Here’s a picture of Lee Reich’s garden:
Either he knows a lot about gardening, or he’s a whiz at Photoshop. I’m betting on the first, which is why I interviewed him for this week’s podcast, The Weed-Free Garden.
Lee has a four-part system for beating the weeds:
- – Don’t disturb the soil. (prevents buried weed seeds from surfacing and germinating.)
- – Set up permanent beds and paths. (so you won’t have to till to aerate the soil.)
- – Keep the soil covered at all times. (so weeds can’t get established.)
- – Use drip irrigation where irrigation is needed. (prevents disease in a densely planted bed, saves water, and puts the water where it’s needed: in the root zone.) Continue reading
So, er, remember the fine offer I told you all about a few weeks back? You know, the publisher's generous
40% discount off that new Black Dog alternative gardening book
Growing Stuff? Well, um, it turned out that there was a slight
hitch to that offer: a shipping fee that in some cases completely
wipes out the discount.
I was alerted to this by my friend Feed Store Girl, who sent me her invoice, with all the gory details:
Book price: 24.95
with discount 14.97 So far, so good.But then comes the kicker:
Now, wait up a minute there! This is not book rate as I remembered it.
Blogging, like beauty, is of course its own excuse for being. However, perks are always appreciated, and surely one of the best that comes with blogging is free books. Case in point: Asked if I would link to information about a new gardening book, I entered a counter-request: could I review it first? A week later, it was in my hands. Thank you, Jessica.
Even better, she has made an extraordinarily generous offer to all of you out there:
Quote the Manic Gardener review in an e-mail to firstname.lastname@example.org, and get 40% off on this book!
If most gardening books leave you feeling utterly overwhelmed, try Growing Stuff, put out by Black Dog Publishing. It truly deserves its subtitle, An Alternative Guide to Growing, because where most books assume that you have money, space, and time, this one does not. You might guess that this book takes an unusual tack since the foreword was written by Guerilla Gardening guru Richard Reynolds, but even if you don’t, you’d figure it out as soon as you leaf through a few pages.
Open most gardening books at random, and you’ll find yourself in the middle of a chapter. Open this one, and you’ll almost always find a two-page spread devoted to a single topic, plant, or project. (One or two topics are given more space, while a few get less.) Illustrated with enticing photographs, drawings, and the occasional recipe (including a couple for herbal hair rinses), these short articles all emphasize accessible projects and inexpensive tools and methods.
* * * * * *
I know it’s the norm to finish a book before reviewing it, but I couldn’t wait that long. Thomas Hager’s Alchemy of Air, about the development and effects of synthetic nitrogen fertilizer, is such a terrific read that I’m having a hard time getting anything else done.
Since I’m only half-way through, this won’t be a real review, but more of a travel essay, telling where I am and where I’ve been, and what the landscape is like.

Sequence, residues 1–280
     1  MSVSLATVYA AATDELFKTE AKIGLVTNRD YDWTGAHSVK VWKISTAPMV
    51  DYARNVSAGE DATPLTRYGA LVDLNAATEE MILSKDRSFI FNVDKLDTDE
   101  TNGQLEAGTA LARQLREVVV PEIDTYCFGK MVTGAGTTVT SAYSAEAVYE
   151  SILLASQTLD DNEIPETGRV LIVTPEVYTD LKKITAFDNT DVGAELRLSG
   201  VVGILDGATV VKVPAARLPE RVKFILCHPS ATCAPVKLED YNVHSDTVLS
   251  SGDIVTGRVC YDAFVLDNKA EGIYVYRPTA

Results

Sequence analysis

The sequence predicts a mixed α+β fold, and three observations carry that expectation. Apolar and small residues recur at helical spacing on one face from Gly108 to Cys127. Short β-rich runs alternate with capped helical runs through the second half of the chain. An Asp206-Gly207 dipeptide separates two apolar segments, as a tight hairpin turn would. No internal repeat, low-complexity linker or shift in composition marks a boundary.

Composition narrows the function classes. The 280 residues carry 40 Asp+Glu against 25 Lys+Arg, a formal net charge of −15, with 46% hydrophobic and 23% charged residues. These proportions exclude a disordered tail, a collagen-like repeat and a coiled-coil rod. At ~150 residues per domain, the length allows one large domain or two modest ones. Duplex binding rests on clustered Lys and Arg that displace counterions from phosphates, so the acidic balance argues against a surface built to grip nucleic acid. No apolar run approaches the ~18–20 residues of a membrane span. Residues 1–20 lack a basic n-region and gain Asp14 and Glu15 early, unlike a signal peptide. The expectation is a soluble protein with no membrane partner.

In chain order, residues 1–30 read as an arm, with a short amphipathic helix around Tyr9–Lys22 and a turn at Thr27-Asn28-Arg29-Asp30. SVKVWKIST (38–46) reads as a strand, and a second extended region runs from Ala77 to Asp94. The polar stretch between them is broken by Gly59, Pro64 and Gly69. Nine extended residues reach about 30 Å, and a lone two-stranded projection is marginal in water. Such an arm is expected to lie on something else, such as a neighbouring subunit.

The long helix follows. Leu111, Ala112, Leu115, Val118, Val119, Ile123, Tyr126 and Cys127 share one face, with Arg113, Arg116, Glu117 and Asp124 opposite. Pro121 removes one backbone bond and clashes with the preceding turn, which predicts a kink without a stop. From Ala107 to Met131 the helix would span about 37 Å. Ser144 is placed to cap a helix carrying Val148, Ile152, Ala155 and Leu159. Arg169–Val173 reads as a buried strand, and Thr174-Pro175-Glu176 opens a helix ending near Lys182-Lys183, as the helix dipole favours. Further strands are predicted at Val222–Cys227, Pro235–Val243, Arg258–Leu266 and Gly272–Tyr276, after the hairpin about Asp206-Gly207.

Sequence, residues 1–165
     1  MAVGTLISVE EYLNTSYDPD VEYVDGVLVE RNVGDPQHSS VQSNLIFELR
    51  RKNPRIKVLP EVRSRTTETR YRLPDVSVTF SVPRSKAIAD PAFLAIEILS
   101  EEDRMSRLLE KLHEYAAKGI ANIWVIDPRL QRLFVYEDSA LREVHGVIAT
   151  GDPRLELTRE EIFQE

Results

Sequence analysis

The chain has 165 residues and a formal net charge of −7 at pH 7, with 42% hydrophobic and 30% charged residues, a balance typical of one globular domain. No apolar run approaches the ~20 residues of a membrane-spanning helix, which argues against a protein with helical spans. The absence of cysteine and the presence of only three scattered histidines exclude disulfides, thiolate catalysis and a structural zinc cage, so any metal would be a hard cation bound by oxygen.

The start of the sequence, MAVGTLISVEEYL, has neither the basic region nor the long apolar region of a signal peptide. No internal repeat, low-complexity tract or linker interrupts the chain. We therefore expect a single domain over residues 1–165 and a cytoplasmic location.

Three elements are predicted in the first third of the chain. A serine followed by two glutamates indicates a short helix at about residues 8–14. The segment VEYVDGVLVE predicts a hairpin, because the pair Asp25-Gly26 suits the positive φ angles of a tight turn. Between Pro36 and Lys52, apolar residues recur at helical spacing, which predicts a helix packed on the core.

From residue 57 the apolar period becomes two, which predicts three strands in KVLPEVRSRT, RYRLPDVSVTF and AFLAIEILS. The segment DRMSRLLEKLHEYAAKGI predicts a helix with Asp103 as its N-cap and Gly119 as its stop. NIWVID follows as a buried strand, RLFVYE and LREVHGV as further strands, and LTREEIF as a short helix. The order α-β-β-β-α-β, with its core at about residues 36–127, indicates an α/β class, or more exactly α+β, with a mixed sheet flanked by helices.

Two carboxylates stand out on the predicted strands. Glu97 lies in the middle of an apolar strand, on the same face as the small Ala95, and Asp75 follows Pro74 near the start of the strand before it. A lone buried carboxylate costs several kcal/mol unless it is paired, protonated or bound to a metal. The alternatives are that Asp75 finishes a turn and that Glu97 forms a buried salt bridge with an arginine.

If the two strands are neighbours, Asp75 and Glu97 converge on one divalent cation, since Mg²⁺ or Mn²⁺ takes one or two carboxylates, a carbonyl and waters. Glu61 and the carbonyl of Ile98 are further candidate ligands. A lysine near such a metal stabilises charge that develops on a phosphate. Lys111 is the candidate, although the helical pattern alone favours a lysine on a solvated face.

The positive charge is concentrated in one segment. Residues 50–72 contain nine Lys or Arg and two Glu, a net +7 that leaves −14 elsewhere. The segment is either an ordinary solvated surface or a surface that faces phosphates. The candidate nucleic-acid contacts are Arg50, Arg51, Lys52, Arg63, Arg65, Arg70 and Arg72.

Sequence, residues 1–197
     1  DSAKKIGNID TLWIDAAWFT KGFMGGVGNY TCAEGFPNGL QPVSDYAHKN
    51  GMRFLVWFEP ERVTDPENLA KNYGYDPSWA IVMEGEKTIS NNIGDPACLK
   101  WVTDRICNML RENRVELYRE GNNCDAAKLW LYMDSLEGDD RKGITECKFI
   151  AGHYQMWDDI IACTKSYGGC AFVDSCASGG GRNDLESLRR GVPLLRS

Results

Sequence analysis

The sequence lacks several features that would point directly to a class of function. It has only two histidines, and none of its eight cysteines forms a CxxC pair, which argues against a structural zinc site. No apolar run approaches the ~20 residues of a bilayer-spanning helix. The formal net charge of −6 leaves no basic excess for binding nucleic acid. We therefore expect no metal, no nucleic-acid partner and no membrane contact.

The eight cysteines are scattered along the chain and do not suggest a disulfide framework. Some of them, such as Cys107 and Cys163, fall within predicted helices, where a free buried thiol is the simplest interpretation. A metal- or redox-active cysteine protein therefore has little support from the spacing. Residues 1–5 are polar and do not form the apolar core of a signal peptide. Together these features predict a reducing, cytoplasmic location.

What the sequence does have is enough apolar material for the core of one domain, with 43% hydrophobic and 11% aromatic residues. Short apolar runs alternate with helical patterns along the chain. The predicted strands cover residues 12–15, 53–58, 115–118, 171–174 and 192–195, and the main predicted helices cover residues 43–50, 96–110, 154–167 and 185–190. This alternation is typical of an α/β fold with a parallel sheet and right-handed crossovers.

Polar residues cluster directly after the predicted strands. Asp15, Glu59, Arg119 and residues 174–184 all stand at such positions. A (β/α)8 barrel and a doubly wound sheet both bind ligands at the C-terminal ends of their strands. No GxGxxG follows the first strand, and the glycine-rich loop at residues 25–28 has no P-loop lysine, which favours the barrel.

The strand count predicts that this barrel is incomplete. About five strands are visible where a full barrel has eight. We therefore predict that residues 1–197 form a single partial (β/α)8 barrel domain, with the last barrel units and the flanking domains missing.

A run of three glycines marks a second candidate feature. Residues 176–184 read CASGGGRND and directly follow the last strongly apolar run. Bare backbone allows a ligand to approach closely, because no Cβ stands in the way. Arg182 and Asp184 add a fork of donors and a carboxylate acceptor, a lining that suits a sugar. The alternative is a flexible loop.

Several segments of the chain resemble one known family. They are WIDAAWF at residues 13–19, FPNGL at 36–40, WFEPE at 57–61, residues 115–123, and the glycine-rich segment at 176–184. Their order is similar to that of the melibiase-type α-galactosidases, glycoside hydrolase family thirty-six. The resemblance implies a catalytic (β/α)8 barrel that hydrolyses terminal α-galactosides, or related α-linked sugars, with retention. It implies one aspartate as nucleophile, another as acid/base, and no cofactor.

First of all, it’s a lot more interesting than you might expect simply from the topic. This isn’t a polemic; it’s a historical narrative, and Hager’s a master of the form. He gives us the people, the problems they faced, and the world in which they lived, so that we get a richer understanding of what they did, why, and its consequences, than any dry recital of facts could convey.
He starts with the problem, as articulated in the late 19th century: the world’s population was growing at an ever-increasing rate, outstripping the ability of farmers to feed it. Fertilizers, therefore, were increasingly important and valuable, but the known sources were either inadequate (manure) or were being rapidly depleted (Chilean nitrates).
A Bit of Background: The book I'm reviewing here is the one I won in the Garden Monkey's horticultural limerick contest last summer. Good enough. The twist (of course there's a twist) was that my limericks roundly abused, and soundly accused, one James Alexander-Sinclair, the author of the book. It was the last shot in the Sock Wars; after winning the contest, I raised a white flag, James sent off the book, and peace has reigned since.
Gardeners’ World Magazine
101 Bold and Beautiful Flowers: Ideas for Year-Round Color
Reading James Alexander-Sinclair’s 101 Bold and Beautiful Flowers is a bit like being spun about a dance floor by an expert, flirtatious partner: it leaves you startled, breathless, and laughing. The images, both visual and verbal, come at you so fast and furious you almost expect to trip up, but no, it all works, you go sailing along at an unbelievable clip, astonished at the felicity and skill that makes it possible.
The only thing seriously wrong with the book is that it confronts the gardener with far too many wonderful flowers to plant, and the reviewer with far too many marvellous passages to cite. The gardener’s problem more or less solves itself, for within the intersection of particular categories of color, height, hardiness, or shade-tolerance, only a few of the many lovely blooms presented will fit the bill. The reviewer faces a more difficult task.